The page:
A cold snap nestles in like an icy hand over my shoulder as the wind picks up and we’re in whiteout conditions approaching the last shelter before Surly checkpoint.  Reaching it, it’s packed.  I’m so desperate to get out of the wind and get some sleep that I go in anyway. Lisa moves some gear out of the way on a shelf that’s mounted to the shelter wall to sleep on and I grab a spot underneath the shelving in the corner. Sitting down I know why this spot is the only one left. One butt cheek is propped up on a volleyball sized rock and the other is planted on a half dozen empty beer cans left behind by some snowmobilers. It sounds like an infirmary in here; everyone is coughing because of the cold and distance settling into their lungs. I want to send an SOS out to my family for prayer support knowing that this is the darkest before the dawn for me, but I set my phone alarm instead, pull my hood over my face and pass out sitting upright.

20 minutes later the alarm goes off just as one of the fat bikers lets out a colossal fart waking everyone in the shelter. The brutality of the state we’re in is broken as we all start laughing. I love this moment… these people. One by one they crawl out of their bivies and get back on the trail.

I hit the trail more alive than I’ve been the entire race. My unspoken SOS heard.  The wind is still unrelenting, the slog to sunrise long and I have to lift my betraying legs with both arms onto the pulk every time I sled a downhill but, somehow, I’m happy.

A few miles later I catch up with my friend Jay going for the a`trois. Everything in his body posture reads pain, but he assesses the problem, ties a bandanna around his bum leg and continues down the trail.

How can I not be badass when I'm surrounded by badasses?

More miles and math in I’m finally at Surly, mile 108. Too pissed by the mocking signs leading up to the checkpoint to stay long I check in/out and stick to the plan heading down the trail to set up camp. Bivy before boiling.

I open my eyes and in an instant any doubt I had that this unsupported approach was worth it, is gone.  The morning sun glitters over the new snow and through the pine forest all around me. It’s cold, but that brings a perfect stillness, the stillness I craved when I signed up for this adventure.  I’m soaking it all in when a volunteer on snowmobile stops to check on me. I give him a run-down of my plan to get caught up on hydration and get a meal in before departing. I can tell he’s concerned that I won’t make the finish line before the cutoff and I know it’s tight but I’m confident. This section has been strong the last two years and for the first time in 3 days I can tell my body is finally healing. I just have to top off all the tanks before I can move on.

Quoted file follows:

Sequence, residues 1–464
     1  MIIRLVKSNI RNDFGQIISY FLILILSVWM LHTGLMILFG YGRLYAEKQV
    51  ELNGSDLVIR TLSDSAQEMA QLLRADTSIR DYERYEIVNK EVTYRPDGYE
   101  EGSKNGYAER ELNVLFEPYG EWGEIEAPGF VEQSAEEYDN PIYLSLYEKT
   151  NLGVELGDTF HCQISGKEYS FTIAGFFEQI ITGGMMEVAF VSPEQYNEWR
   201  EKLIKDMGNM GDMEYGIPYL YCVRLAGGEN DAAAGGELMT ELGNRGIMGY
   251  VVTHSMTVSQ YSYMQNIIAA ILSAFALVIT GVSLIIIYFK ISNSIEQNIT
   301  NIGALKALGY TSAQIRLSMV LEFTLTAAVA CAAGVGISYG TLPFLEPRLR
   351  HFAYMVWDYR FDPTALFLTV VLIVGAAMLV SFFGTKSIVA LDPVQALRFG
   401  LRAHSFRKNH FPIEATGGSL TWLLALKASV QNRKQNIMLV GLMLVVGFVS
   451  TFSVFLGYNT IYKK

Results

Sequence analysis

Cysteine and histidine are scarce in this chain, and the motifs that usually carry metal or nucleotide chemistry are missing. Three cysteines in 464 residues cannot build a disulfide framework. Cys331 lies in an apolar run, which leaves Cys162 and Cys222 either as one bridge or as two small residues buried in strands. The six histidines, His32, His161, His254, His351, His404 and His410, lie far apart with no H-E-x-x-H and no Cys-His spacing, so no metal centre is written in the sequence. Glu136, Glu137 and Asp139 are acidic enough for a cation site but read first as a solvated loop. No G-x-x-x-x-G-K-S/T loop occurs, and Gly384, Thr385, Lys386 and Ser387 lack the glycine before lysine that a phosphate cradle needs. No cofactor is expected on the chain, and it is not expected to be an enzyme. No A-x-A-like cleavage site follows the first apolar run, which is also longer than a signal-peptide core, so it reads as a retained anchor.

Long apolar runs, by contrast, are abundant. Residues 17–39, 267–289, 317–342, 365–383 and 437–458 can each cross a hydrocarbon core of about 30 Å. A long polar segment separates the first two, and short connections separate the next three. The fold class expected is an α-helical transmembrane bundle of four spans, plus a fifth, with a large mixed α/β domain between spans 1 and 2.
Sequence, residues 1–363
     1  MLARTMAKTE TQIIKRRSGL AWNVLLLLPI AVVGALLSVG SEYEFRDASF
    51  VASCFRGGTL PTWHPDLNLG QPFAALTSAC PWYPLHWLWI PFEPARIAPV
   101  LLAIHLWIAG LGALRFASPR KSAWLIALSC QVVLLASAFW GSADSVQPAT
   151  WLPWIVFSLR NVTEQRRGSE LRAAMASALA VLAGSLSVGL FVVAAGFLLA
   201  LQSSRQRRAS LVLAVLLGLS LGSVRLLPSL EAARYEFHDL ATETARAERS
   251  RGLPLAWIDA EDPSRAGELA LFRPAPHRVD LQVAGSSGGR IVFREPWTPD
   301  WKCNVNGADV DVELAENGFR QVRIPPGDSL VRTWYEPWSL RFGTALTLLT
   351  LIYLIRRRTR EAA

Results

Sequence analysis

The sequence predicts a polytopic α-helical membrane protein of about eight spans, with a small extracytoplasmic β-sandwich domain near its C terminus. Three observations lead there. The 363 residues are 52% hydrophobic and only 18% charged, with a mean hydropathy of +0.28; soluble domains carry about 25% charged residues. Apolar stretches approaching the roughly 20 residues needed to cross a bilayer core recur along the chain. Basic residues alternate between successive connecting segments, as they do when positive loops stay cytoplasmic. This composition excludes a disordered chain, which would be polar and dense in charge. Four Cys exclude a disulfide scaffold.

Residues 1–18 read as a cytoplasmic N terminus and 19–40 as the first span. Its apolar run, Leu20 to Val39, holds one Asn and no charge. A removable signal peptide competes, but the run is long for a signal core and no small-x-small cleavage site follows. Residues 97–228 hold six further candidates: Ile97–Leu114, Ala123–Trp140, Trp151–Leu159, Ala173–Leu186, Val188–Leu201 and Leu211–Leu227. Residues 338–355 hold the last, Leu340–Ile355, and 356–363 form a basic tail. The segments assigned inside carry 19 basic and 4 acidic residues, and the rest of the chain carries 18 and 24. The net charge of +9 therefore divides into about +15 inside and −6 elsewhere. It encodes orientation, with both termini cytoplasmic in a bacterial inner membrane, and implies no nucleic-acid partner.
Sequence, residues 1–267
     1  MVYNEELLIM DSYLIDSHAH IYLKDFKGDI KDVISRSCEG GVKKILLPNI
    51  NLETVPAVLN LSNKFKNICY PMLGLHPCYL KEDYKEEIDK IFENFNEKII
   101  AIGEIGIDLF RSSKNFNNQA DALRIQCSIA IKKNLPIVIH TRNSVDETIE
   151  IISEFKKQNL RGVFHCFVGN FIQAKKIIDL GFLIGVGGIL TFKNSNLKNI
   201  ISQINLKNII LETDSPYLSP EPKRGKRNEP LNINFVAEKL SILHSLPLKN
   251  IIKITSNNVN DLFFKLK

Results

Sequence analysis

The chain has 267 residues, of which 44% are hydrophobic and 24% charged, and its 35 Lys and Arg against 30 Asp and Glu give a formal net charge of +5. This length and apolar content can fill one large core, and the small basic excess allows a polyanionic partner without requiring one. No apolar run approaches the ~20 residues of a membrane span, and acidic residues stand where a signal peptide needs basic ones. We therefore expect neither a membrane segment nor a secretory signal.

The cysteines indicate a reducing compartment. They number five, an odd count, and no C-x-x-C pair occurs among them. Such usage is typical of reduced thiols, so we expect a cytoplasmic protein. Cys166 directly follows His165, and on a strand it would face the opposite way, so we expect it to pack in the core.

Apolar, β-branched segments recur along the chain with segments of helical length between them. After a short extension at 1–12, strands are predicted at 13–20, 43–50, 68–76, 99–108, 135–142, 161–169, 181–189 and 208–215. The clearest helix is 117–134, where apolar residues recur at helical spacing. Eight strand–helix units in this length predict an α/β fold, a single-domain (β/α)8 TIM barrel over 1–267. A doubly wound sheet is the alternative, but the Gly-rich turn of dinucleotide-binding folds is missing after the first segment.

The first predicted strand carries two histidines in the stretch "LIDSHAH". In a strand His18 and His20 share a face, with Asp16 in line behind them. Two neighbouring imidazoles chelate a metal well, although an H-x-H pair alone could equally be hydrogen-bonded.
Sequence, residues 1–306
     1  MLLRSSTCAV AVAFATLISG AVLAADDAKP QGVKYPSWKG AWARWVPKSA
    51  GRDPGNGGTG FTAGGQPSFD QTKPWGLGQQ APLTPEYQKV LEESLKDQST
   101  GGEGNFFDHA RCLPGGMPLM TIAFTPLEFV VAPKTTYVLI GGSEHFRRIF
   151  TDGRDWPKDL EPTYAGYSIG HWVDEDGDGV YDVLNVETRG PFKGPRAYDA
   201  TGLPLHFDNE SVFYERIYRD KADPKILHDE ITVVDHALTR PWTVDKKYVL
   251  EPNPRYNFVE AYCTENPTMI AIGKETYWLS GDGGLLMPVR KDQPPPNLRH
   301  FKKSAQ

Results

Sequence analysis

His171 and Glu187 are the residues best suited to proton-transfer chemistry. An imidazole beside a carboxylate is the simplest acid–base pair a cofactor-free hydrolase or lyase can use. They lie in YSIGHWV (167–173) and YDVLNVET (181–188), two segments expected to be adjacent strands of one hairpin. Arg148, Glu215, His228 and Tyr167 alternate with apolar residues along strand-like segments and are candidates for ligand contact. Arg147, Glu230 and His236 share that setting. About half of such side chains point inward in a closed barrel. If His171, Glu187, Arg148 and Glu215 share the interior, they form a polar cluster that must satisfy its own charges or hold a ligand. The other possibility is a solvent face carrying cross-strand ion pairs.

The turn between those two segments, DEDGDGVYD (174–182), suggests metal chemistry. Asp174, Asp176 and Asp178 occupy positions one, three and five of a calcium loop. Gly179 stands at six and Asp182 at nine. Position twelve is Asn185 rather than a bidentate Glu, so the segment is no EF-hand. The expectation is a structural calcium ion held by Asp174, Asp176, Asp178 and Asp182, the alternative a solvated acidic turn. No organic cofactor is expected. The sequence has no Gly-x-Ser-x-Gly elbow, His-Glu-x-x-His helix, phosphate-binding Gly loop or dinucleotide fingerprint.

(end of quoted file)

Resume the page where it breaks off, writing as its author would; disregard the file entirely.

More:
Beauty and brutality often travel side by side on the Arrowhead. That reality came crushing in when I grabbed the stove out of my bag to start on the snow melt. Sometime in the night my fuel tank had started to leak and the canister was now sitting in a pool of white gas….Don’t freak out, work the problem.

With my gloves off in the freezing cold I started wiping down and re-pressurizing the tank.  It worked, but there wasn’t a lot of fuel left. The ups and downs were harsh as I kept at it setting up for the final leg. One moment I was enjoying the first cup of coffee I’d had in 30days watching the sunrise and the snow melt in the pot. The next I was scrambling to save any clean water left when that pot of snow slid off the stove drowning out the flame and soaking my gloves. With fuel & time quickly vanishing I rushed to get back on track and on the trail.